three support pillars:                                            the mobile services industry, governments could also benefit
                                                                  from the data generated through mobile phone networks
• Business models. Many of the services described in this
                                                                  and remote sensors. For example, information on price,
  chapter rely on public funding and are in pilot stages.
                                                                  weather, and diseases could potentially be aggregated so that
  DrumNet and RML, while they provide robust business
                                                                  research institutions and relevant government agencies can
  models, are still figuring out how to address high per-user
                                                                  analyze and monitor trends. The highly relevant and up-to-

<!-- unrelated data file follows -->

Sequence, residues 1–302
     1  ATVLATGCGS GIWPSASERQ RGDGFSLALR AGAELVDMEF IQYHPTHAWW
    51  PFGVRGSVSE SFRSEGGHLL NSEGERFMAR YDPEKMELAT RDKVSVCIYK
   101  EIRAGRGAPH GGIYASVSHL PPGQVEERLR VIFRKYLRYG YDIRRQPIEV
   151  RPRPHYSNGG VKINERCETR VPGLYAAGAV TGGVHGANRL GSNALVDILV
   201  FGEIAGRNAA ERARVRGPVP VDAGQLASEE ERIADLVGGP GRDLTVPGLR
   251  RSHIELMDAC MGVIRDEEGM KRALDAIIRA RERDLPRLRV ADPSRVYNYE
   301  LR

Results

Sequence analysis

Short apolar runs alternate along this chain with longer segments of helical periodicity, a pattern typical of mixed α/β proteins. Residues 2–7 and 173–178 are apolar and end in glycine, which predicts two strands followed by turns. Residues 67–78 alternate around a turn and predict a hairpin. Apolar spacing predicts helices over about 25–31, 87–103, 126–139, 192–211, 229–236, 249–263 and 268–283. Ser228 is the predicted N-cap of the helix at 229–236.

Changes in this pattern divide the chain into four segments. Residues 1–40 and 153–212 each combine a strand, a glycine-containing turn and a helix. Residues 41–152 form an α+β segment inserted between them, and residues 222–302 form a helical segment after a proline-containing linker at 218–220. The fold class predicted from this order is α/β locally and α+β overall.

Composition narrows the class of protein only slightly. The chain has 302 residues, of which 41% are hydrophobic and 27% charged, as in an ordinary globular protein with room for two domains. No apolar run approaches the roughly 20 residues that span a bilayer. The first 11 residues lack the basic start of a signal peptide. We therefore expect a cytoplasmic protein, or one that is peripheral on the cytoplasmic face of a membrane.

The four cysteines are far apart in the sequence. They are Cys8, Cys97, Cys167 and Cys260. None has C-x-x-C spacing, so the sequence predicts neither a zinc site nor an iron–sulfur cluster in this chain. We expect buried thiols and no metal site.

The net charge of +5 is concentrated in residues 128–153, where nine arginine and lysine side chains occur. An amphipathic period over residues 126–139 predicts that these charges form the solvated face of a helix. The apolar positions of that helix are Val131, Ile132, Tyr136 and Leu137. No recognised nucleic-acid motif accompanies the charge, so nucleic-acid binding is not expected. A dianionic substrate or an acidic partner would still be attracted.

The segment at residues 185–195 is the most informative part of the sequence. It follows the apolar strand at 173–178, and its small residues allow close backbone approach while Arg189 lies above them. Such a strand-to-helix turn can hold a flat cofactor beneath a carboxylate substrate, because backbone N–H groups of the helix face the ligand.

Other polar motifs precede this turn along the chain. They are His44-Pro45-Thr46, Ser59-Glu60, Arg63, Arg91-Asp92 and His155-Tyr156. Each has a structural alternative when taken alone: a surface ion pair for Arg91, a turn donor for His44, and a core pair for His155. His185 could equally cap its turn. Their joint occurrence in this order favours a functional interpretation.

costs, by either scaling up or adding new services to
                                                                  date information generated from this type of analysis can
  increase the number of subscribers. Public funding,
                                                                  inform higher-level policy dialogue on topics such as
  applied through pull mechanisms and results-based
                                                                  commodity pricing, subsidy effectiveness, climate change,
  financial incentives such as challenge funds, can provide
                                                                  and trade. Further, by disclosing the aggregated data and